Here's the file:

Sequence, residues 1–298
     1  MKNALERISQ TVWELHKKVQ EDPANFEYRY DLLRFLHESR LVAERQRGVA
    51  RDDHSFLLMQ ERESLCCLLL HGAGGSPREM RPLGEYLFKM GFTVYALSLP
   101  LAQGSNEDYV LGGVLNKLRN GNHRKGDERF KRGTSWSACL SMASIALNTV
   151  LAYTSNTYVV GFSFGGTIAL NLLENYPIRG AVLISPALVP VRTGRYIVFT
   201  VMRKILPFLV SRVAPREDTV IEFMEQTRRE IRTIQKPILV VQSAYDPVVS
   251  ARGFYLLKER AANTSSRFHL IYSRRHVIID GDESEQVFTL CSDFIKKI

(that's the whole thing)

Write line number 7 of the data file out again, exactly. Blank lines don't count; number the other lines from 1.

   251  ARGFYLLKER AANTSSRFHL IYSRRHVIID GDESEQVFTL CSDFIKKI